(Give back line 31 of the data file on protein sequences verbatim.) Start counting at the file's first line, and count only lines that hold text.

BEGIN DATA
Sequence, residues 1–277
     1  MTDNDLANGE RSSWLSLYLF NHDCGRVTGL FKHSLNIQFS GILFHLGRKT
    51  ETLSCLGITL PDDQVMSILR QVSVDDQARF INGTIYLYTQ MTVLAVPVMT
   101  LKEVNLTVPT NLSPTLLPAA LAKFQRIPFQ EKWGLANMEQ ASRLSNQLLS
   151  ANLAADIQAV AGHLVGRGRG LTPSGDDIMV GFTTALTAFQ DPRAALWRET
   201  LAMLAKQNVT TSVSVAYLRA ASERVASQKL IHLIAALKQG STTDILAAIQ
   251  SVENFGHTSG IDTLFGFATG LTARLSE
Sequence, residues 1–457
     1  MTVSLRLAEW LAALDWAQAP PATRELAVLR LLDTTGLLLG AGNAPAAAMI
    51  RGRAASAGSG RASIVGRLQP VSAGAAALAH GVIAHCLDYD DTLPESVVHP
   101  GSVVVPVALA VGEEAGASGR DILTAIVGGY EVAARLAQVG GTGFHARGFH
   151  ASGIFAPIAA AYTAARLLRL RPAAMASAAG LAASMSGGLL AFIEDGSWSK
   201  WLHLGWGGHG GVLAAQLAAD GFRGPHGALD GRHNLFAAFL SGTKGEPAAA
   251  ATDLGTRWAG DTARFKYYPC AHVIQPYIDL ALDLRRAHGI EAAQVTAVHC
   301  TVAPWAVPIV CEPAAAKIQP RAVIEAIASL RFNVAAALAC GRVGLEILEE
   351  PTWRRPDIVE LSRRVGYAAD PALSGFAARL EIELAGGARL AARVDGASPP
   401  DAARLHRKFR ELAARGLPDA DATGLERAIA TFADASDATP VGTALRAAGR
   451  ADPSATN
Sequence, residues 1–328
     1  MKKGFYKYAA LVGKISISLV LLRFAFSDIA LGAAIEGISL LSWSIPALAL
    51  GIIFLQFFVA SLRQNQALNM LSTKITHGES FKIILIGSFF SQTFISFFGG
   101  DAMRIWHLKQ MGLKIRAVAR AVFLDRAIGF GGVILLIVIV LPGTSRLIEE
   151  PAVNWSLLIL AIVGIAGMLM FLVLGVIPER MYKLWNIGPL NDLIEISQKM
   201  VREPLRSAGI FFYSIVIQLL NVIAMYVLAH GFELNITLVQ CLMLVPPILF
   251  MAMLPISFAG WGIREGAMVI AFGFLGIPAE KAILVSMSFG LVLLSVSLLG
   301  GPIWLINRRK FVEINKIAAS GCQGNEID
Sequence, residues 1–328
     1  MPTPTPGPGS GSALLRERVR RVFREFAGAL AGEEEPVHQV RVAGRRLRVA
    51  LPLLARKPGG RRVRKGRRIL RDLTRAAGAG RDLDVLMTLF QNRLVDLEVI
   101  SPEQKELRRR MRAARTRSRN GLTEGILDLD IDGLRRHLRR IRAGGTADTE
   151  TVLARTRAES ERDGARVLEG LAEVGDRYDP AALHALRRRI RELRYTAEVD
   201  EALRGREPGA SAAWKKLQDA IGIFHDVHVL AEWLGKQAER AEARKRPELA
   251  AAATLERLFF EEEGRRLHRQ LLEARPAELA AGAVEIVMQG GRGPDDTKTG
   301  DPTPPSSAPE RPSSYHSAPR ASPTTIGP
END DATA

   151  TVLARTRAES ERDGARVLEG LAEVGDRYDP AALHALRRRI RELRYTAEVD